203. He compares Trump to Reagan and Patton –however there is a huuuuge and fabulous difference. Patton had a record for decades as a soldier –rising through the ranks, and Reagan had been governor of a large economy–California. Reagan and Patton earned people’s trust in their chosen fields, Trump has not earned that kind of respect, and he fails to respect his bosses–the electorate. Trump doesn’t even think the voters deserve to be given a specific, coherent and consistent plan on national security, which is the primary responsibility of a national government. He can’t even be bothered to be specific about that.

    DRG (76b104) — 11/23/2015 @ 8:20 am

    Thank you! It drives me NUTS when I hear those ridiculous comparisons made by people that I respect for the most part (Mark Levin, Rush Limbaugh, Ann Coulter).

    L.N. Smithee (e750c1)

  204. I want e-verify to be mandatory.

    I want the corporations that hire illegals to pay a 150k fine for each illegal hired, and personnel managers to do 30 days in jail for each illegal hired, consecutive and not concurrent.

    I want all Federal funds to Sanctuary Cities stopped. Not just discretionary funding, all funding, and won’t be returned even after the Sanctuary City cries uncle. No more Pell Grants to USF students. No more ADC to Houston octomoms. Let Berzerkely figure out how to pay for all the Medicare and Medicaid services. All funding dries up. States that issue licenses to illegals get no highway funds and no FEMA funds.

    I want ICE at every “illegal-rights” protest, locking up every illegal that attends. We know where they are; they just got done announcing where they are.

    Yes, I want illegals run out of the country on a rail, and all their money forfeit. But I also have no need for someone who thinks eminent domain lets him take an old lady’s home from her so a casino can build a parking lot. I have no use for someone who wants Single Payer. I am disgusted by someone who is willing to fund Planned Parenthood. And any who think the tax code is a great place to violate the Tenth Commandment, even more than it’s violated now, is undeserving of my vote.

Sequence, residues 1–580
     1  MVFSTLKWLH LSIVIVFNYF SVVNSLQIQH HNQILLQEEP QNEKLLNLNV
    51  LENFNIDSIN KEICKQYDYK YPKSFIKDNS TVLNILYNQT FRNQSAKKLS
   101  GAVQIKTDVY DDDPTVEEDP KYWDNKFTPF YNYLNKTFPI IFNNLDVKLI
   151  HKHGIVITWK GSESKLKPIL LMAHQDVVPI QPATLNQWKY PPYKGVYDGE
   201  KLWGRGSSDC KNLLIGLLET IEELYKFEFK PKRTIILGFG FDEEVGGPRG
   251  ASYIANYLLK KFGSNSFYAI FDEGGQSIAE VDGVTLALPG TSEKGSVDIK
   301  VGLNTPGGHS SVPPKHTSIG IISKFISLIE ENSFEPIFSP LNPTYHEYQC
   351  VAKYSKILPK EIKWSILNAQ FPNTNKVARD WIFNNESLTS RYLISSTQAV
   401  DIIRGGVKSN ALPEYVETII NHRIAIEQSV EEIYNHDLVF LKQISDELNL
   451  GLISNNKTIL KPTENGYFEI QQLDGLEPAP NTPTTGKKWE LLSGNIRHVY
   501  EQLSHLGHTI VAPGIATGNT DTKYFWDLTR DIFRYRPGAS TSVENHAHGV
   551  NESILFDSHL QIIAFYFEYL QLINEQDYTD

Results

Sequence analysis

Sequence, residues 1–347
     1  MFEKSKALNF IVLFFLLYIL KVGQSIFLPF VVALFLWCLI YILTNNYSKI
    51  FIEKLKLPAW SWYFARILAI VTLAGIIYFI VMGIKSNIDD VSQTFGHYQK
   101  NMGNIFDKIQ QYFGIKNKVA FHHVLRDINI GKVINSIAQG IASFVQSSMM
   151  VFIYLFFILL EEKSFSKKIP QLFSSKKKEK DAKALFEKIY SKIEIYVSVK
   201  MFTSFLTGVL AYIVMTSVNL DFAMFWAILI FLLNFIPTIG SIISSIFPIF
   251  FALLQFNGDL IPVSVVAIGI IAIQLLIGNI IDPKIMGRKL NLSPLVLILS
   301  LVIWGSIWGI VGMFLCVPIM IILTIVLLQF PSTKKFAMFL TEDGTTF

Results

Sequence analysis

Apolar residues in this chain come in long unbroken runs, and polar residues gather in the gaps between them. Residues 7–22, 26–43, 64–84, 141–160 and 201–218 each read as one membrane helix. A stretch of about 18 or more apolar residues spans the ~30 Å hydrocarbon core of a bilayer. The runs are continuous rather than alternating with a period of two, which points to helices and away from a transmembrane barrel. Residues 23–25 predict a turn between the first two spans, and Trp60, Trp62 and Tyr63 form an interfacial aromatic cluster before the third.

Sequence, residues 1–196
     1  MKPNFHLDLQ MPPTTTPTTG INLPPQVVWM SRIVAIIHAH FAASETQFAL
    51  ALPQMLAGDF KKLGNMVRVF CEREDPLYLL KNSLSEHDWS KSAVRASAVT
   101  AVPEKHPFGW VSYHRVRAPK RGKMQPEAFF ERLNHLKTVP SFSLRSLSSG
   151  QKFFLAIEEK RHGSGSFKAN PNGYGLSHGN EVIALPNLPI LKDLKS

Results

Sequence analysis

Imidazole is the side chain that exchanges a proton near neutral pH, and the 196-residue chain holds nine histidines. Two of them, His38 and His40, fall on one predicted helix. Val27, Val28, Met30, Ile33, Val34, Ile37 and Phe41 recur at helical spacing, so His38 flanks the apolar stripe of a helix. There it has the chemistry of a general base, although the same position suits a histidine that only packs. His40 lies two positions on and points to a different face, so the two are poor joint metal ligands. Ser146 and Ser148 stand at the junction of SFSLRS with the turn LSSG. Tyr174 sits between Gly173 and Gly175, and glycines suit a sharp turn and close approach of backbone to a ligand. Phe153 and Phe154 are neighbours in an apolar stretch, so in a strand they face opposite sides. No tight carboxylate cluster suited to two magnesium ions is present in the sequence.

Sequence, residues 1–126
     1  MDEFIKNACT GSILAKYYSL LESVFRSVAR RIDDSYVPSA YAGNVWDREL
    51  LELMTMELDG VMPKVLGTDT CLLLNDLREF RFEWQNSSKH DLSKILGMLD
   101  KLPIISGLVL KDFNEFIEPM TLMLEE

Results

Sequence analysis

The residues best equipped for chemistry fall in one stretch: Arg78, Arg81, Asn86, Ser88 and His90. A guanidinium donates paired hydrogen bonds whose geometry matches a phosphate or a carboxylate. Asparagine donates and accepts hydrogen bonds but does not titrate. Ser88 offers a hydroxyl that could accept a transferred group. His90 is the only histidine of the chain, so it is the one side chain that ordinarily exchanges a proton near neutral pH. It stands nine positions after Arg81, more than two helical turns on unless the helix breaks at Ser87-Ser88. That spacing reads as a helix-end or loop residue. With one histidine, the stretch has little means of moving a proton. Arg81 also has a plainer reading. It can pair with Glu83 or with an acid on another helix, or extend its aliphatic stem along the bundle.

John Hitchcock (fc3568)

  205. I don’t why some people are trying to make the case that Donald Trump is honest.

    This takes the cake:

    http://time.com/4107636/transcript-read-the-full-text-of-the-fourth-republican-debate-in-milwaukee/

    ….as far as Syria, I like — if Putin wants to go in, and I got to know him very well because we were both on 60 Minutes, we were stablemates, and we did very well that night.

    Why exactly would Trump get to know Putin very well just because both interviews were aired on the same show?

    But more – since when does 60 Minutes do live interviews or put its guests on the same program in contact with each other??

    Sammy Finkelman (4d9cfa)

  206. e-verify is where poor pitiful cowardly failmerica forces private businesses to protect the borders since failmerica and her whorish and useless border patrol pansies do such a useless crappy job of it

    happyfeet (831175)

  207. @ John Hitchcock:I want the corporations that hire illegals to pay a 150k fine for each illegal hired, and personnel managers to do 30 days in jail for each illegal hired, consecutive and not concurrent.

    They cannot legally be punished for hiring illegals who present documents. Questioning a applicant’s documents, or trying to make them use specific documents, is illegal. It is national origin discrimination under Title VII of the Civil Rights Act.

    If the documents are rejects by SSA, it is illegal to fire an employee for that. It is national origin discrimination under Title VII of the Civil Rights Act. All an employer can do and avoid liability is ask the employee clear the matter up with SSA.

    Does that sound crazy? Crazy like a fox. The immigration laws are intended to be unenforceable.

    All an applicant has to do is present documents that appear to be valid. All an employer is allowed to do is accept those documents that the applicant chooses to present. If those documents are later rejected, the employee may not be fired and the employer is not liable for violating employment law.

    Gabriel Hanna (64d4e1)